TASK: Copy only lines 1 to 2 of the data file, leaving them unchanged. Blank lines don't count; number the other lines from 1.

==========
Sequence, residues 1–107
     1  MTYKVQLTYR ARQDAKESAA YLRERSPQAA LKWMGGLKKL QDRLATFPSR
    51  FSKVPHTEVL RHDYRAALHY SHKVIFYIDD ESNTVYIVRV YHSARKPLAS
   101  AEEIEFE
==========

Sequence, residues 1–107
     1  MTYKVQLTYR ARQDAKESAA YLRERSPQAA LKWMGGLKKL QDRLATFPSR